B’airing witness

We left Vancouver in a haze of smoke; an appropriate reminder for us city folk of the trial facing the rest of the province. Driving north I expected the smoke to get thicker before it got thinner.

Just north of Hope, the smoke had an almost misty quality. Swimming in the lake it is possible to forget for a moment that the mountains are shrouded.


The destruction of homes in Ashcroft was a striking. In some cases there would be nothing left but concrete footings and an charred appliance surrounded by lightly burned grass. In others the vinyl siding was curled off the walls with no other damage. Between the two may lie a house that seemed untouched. A well watered lawn, in a few instances, appeared to have made the difference. The photo above shows how affected even the unburned areas are. The impacts on life in this community are not at all over.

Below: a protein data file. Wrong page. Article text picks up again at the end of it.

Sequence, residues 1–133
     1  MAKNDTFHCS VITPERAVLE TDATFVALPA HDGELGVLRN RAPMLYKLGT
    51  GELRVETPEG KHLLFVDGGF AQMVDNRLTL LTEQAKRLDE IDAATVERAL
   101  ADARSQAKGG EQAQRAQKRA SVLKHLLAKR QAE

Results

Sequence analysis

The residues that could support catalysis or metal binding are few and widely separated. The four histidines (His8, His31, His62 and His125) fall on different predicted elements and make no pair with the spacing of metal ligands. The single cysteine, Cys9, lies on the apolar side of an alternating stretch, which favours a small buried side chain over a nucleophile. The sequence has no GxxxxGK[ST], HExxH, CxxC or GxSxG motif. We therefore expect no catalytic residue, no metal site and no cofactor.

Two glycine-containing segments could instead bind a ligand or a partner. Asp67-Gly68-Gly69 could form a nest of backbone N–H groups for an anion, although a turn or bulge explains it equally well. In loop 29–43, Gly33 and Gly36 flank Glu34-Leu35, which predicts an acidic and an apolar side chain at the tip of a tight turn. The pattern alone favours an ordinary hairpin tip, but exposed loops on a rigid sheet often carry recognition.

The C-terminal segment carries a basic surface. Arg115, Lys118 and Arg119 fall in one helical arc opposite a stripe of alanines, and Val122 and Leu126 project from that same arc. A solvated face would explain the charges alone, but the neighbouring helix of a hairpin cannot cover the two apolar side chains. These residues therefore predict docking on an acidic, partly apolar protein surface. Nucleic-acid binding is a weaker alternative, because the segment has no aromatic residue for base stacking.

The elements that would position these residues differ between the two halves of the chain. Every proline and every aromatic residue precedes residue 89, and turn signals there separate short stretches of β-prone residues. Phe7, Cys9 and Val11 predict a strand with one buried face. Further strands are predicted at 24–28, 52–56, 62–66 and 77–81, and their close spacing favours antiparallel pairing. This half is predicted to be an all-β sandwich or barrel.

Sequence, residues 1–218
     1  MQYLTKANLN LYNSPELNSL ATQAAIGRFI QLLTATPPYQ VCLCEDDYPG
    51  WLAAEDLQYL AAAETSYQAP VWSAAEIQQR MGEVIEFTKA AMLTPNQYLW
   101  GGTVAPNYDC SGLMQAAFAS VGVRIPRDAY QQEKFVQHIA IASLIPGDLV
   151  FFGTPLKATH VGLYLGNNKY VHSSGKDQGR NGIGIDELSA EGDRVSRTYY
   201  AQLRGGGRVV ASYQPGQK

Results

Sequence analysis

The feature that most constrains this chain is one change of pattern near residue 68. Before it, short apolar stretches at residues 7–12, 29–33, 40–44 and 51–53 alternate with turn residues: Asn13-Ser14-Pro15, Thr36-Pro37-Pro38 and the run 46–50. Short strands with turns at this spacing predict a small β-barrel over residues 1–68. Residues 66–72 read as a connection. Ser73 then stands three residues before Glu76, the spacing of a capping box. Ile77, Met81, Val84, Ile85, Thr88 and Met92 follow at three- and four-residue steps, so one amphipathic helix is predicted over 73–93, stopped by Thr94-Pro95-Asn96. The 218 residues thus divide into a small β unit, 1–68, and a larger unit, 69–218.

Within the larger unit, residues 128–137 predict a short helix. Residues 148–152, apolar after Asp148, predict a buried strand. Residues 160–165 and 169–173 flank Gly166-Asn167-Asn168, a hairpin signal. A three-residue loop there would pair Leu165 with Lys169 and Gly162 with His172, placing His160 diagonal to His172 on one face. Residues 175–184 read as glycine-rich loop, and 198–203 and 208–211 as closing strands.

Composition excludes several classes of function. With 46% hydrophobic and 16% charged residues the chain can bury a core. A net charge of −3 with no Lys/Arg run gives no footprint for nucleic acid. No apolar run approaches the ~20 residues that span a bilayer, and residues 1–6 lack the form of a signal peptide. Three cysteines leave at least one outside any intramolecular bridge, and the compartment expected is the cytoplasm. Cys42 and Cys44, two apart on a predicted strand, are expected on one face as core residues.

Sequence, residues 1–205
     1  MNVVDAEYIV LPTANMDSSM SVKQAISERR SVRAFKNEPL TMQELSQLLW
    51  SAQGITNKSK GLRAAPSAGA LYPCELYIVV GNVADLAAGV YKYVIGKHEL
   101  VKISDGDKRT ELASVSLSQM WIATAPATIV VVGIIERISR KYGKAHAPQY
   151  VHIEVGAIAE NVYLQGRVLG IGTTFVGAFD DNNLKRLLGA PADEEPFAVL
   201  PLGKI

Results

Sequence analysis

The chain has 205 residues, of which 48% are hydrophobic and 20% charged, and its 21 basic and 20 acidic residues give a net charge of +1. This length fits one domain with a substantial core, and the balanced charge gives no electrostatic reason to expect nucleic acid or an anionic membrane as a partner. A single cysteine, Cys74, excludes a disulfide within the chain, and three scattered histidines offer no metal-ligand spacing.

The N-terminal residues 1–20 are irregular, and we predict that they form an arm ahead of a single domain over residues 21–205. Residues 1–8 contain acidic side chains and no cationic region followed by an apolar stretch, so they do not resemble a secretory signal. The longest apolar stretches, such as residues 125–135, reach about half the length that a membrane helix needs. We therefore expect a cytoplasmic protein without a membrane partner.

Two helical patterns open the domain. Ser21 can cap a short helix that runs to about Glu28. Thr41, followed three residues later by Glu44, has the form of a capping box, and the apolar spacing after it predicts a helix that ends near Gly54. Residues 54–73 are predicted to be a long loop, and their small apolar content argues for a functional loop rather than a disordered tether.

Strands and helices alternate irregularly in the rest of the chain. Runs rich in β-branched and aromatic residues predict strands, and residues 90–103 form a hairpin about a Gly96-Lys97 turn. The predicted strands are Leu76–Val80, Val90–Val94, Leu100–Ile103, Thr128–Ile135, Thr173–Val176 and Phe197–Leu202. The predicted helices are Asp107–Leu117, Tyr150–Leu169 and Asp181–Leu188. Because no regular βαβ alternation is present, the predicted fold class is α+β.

This is the view from mum’s home in Kamloops. Generally the town is fairing well. Mum and my niece, Elizabeth, each had developed a bit of a cough that is likely attributable to the weeks of ash laden air. The car was sprinkled with white particles by morning. We skipped all of our planned hikes, walks, and anything that might make our breathing quicker or deeper.


Climbing the hill out of Little Fort saw some minor improvements as we gained altitude. The views were not at all what I am used to in these parts.


Steven and I once lost the box liner from a pickup truck on this stretch of road between Hunnermile and Williams Lake. No hope of finding it today.


Near Quesnel the air finally cleared. We camped for the night at Ten Mile Lake Provincial Park. The clean air triggered some full magnitude in-and-exhales. The stars and moon were beautiful and sleep was sound.


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